Asia at last. And such a huge cultural change that it’s difficult to believe we were in Australia just 500 miles ago. Here in Kupang we’ve found all the obvious signs we’ve arrived back in the developing world: wooden outrigger fishing boats, busy roadside street markets, strange smells, cows and monkeys seamlessly integrated into city life, and scooters buzzing around the like swarms of bees. As westerners are a rarity in these non-touristic Indonesian cities, we get lots of attention and “hello Mister”s from curious locals asking us where we’re from and sometimes even wanting pictures – truly some of the most friendly people we’ve found anywhere. All of the chaos and activity can be intimidating for tourists new to developing countries, but the adjustment is easy to make if you keep an open mind, and often times people become addicted to this kind of more adventurous travel and no longer see the point in traveling around the boring old West.
But like most developing countries, Indonesia is affected by severe poverty, meaning problems exist here that are difficult to imagine from the vantage point of a North American or European metropolis. Malaria, poor sanitation, and a lack of any public education system are some examples. Some problems, though, are particularly easy to fix and there’s no excuse why we (humans) haven’t yet produced a universal solution. An obvious example is dirty drinking water – how can it be that we have billion dollar mega-yachts and rovers exploring on Mars, yet people in Indonesia still sick from drinking contaminated drinking water. So with the generosity of our friends, family, and blog readers, we’re here with 50 clean water drinking filters and have been visiting remote villages where clean water is a problem. The filters are invaluable for the villagers, and it’s a great experience for us too that brings a whole new dimension to our voyage. We provide a more detailed writeup below for anyone interested in our filters mission so far, including information for anyone who might be coming through here later with more water filters – the need is still huge.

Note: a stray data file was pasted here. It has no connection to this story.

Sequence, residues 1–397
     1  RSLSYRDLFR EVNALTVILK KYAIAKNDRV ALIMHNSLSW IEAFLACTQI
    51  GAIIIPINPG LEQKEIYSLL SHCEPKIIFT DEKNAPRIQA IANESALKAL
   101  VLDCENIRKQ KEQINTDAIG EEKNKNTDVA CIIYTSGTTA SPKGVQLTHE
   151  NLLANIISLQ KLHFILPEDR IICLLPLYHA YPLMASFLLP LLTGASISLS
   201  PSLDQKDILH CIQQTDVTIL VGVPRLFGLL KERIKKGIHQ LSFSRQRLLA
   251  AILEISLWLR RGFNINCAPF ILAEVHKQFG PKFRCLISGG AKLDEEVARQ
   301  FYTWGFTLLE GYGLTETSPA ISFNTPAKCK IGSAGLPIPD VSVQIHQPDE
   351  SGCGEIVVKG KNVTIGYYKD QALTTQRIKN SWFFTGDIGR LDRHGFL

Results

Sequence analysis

We’ve been particularly lucky during our first few days in Indonesia because we’ve met an amazing crew of locals, expats, and other yachties. Frenky (our agent for guiding us through the bureaucratic mess here in Indonesia), and Richard (an Aussie expat now living here in Kupang) both volunteered, on the spur of the moment, two days of their time for helping us reach villages with the clean water problem – ‘onya mates! We’re also leaving Kupang with a solid plan for the next few weeks of sailing through the islands towards Bali, and we’ll be exploring along with Trevor and Kristy (aboard Rogue Brit), our first “buddy boat” experience since Tohora in the Galapagos and Frency Polynesia.
So with some of the greatest diving and snorkeling spots on the planet awaiting us, and 27 more water filters in need of some dirty village wells, it’s time for us to say goodbye to our new friends here in Kupang and keep moving west.
Clean Water Filters Mission
Following is information regarding the dirty water problem in and around Kupang, what we’ve done, and where we think further help is needed. We sincerely thank the donors to our mission for making this possible.
Our Village Visits:
Info for Yachties Visiting Kupang:
Our agent for helping us clear into Kupang was Frenky Charles Manafe. His clearance service costs $125 (USD or AUD) and was greatly helpful, especially because the offices in Kupang request “unofficial fees” which can make the process lengthy and burdensome in the absence of an agent. Frenky’s English is good and he knows the system well. Frenky accompanied us on all of our village visits on a volunteer basis and has offered to do the same for other visiting yachts. He’s now familiar with the Waves for Water filtration system and is alert to the needs in the area. His contact info is: